News in Brief: EU reforms, employment, investment, CFO appointments

News in Brief

PM visits Brussels for crucial EU talks

David Cameron is holding crucial talks in Brussels, where he hopes to gain support for his EU reform demands.

The prime minister is due to discuss the renegotiation with European Commission President Jean-Claude Juncker and senior MEPs, reported the BBC.

This comes ahead of a two-day summit of EU leaders, which begins on Thursday (18 February 2016).

EU Council president Donald Tusk said negotiations over the UK's demands were at a "critical moment" and warned the risk of break-up "is real".

Tusk is overseeing the negotiation, and was speaking after talks with the Romanian and French presidents as part of a tour of European countries ahead of the summit later in the week.

'Skills trump education on CVs'

Ten times more finance professionals check candidates’ skills and experience before looking at qualifications and education when reviewing CVs, according to research.

A study by recruitment firm Robert Half found on average, companies review 21 candidate CVs before extending an offer for an accounting and finance role.

However, one in 20 firms will review on average 100 CVs before making a job offer. The research highlights the importance many employers still place on traditional CV applications.  

With regards to the finance sector, the study found only 4% of those reviewing candidate CVs would look at qualifications over skills and experience. 

The average length of stay at each previous employer can have a significant impact on employability, as 25% of those recruiting accounting and finance professionals look at this first on a CV. The most recent role and job title is the first thing checked by 19% of recruiters. 

Phil Sheridan, managing director at Robert Half UK, said: “A high quality CV remains crucially important in the recruitment process and in many cases is still the primary factor as to whether an individual will even meet a representative of the company where they want to work.”

'Non-financial information is critical to investors'

Non-financial information must be as reliable as its financial counterpart for investors to make informed decisions, according to a report.

The latest report published by the Institute of Chartered Accountants in England and Wales (ICAEW), ‘The journey milestone 4: materiality in assuring narrative reporting’, highlights the areas that assurance providers should focus on when establishing materiality levels, especially with regards to non-financial information.

Establishing ‘materiality’ - what information matters - is the first concern for assurance providers, who need to ensure that the content is relevant to investors’ needs and expectations. They then establish which items are “material” and how to test them, to ensure that there are no errors or omissions that could influence the decision of an investor.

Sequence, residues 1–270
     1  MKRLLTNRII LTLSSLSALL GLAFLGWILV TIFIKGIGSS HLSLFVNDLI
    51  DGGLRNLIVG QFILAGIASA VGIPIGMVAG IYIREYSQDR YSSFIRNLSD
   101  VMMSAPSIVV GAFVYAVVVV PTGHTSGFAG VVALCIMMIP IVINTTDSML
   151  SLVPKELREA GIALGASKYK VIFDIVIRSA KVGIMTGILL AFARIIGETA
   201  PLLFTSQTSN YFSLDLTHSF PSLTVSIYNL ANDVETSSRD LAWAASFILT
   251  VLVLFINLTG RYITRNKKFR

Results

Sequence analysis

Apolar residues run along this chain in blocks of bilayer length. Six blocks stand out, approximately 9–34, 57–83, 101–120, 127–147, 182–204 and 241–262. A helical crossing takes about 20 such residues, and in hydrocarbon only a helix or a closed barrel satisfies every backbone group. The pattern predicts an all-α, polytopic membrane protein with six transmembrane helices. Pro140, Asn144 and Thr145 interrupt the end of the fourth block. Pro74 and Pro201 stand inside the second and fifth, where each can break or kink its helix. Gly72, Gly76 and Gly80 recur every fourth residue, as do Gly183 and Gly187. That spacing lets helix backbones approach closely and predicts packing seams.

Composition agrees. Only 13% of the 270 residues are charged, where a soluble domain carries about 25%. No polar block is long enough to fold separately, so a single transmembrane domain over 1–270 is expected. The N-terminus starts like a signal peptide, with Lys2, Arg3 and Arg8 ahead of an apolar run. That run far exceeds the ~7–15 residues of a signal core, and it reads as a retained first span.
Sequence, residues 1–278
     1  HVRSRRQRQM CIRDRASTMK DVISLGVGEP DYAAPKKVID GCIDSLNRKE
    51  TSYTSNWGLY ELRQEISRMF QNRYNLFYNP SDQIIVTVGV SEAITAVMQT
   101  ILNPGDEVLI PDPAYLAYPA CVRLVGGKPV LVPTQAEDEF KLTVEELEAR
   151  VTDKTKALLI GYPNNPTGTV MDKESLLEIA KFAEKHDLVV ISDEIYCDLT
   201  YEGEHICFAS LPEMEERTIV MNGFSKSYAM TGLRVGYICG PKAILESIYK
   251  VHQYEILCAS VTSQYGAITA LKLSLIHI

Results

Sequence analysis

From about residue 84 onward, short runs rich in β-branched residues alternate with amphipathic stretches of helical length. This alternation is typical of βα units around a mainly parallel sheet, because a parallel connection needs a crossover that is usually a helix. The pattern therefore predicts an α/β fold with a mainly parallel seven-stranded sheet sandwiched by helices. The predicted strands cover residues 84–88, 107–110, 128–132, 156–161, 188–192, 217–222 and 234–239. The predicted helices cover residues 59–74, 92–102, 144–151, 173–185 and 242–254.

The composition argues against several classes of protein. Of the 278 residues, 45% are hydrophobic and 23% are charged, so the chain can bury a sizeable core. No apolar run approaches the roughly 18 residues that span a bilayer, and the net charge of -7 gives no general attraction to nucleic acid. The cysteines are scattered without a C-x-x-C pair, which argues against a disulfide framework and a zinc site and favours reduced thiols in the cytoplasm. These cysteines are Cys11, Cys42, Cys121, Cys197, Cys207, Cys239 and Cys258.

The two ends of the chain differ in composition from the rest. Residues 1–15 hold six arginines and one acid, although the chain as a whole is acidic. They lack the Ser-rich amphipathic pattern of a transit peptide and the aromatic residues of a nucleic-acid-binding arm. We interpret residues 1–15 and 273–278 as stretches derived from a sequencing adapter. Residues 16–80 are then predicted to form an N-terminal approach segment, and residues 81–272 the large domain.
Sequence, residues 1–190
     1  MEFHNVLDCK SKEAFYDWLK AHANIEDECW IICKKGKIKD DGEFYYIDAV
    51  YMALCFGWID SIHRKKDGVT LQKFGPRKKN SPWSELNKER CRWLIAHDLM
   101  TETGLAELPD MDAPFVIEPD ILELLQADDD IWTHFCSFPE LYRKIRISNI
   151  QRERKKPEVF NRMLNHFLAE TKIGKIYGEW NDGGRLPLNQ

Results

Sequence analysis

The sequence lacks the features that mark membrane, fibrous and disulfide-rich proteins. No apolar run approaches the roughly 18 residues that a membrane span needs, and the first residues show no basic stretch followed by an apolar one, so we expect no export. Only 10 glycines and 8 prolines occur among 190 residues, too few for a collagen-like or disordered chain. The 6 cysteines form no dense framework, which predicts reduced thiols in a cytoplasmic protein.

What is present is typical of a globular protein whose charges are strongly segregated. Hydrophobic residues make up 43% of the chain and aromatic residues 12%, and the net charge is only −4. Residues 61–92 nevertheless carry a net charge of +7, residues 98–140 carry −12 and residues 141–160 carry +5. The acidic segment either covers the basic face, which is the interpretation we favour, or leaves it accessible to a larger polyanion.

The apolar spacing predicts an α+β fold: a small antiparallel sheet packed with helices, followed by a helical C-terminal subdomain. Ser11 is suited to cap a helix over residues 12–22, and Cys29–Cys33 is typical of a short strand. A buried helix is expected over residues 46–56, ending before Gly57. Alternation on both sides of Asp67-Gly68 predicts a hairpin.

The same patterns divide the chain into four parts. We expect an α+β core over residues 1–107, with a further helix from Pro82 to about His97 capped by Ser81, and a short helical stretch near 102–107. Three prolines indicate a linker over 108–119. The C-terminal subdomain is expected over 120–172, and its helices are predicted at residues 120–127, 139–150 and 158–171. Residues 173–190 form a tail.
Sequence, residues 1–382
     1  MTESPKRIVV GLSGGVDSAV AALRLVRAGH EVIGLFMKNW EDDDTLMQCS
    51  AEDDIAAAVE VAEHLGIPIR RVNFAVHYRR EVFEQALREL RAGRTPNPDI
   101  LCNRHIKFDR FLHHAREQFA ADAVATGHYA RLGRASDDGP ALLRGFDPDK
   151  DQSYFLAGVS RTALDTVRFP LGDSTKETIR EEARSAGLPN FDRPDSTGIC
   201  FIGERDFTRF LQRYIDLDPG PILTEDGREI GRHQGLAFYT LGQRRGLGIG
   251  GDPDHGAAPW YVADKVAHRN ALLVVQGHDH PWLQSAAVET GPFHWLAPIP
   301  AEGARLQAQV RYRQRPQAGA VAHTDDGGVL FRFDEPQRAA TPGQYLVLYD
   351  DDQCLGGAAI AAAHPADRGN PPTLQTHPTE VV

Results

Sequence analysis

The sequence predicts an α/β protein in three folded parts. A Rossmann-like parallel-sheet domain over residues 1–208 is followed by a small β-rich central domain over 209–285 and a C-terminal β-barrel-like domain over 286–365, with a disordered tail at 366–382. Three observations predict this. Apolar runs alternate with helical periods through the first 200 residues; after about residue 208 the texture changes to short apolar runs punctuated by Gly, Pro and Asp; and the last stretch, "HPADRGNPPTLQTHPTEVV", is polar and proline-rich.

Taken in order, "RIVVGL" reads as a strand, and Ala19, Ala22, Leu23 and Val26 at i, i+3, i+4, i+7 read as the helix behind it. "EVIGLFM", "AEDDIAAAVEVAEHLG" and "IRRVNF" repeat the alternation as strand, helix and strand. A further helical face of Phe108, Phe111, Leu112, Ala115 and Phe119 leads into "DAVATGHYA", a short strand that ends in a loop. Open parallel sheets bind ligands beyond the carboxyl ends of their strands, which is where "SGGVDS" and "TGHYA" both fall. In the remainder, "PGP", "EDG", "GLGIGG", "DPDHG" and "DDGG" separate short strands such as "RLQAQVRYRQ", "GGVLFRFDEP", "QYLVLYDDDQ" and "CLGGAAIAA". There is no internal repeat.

Due to annual reports being overloaded with information, assurance providers and prepares must disregard items that are irrelevant to investors. The same assurance principles apply to both financial and non-financial information.

Henry Irving, head of audit and assurance faculty at ICAW said: “As important as financial statements are, business accountability is not based entirely on the balance sheet. Investor and others also want to know about company’s corporate social responsibility, carbon emissions, diversity or ethics. The diesel car emissions scandal is one perfect example that shows how important these non-financial aspects are.”

Irving added: “When establishing materiality levels preparers and assurance providers should focus on both qualitative and quantitative aspects. With regards to the former both should ask themselves, is this information decision-critical?” 

Merlin Entertainments poaches new finance director

A FTSE 100 theme park operator has poached its new finance director from veterinary drugs giant Dechra Pharmaceuticals.

Merlin Entertainments, the home of Alton Towers and Legoland, announced that Anne-Françoise Nesmes will leave her role as finance director of Dechra to take up the same position at Merlin, replacing Andrew Carr who is retiring in August 2016, reported the Telegraph.

Chairman of Merlin, Sir John Sunderland, said: "We look forward to welcoming Anne-Françoise to the board later in the year. Her extensive finance and international experience will enable her to make a significant contribution to our business as we continue to grow."

Nesmes joined Dechra in 2013 from GlaxoSmithKline and has also worked for Caterpillar, ADP, Tetra Pak and John Crane. During her tenure at Dechra she developed the company's financial strategy, including introducing "efficient tax and treasury solutions".

Zurich appoints CFO

Zurich UK Life has appointed Helen Pickford as its new chief financial officer.

Pickford will succeed Neil Evans in the role, who will retire at the start of April 2016, reported

She was previously finance director at insurance company Aegeas, and has also worked for insurance company Affinity.

Zurich has not revealed who will succeed former UK Life chief executive Gary Shaughnessy, who became chief executive of Zurich’s global life operation at the end of 2015. Jim Sykes is currently interim chief executive of the company.

Zurich UK Life made an operating profit of £113m in 2015 on the back of the sale of its stake in platform provider Seven Investment Management.

Sykes said Pickford would help the company continue to make a profit, and she would help to change the business in line with the pension freedoms introduced in April 2015.

Sykes added: “Helen’s broad expertise will be crucial as we adapt to the changing needs of customers in the new pensions landscape, and continue to drive the profitable growth of our business.”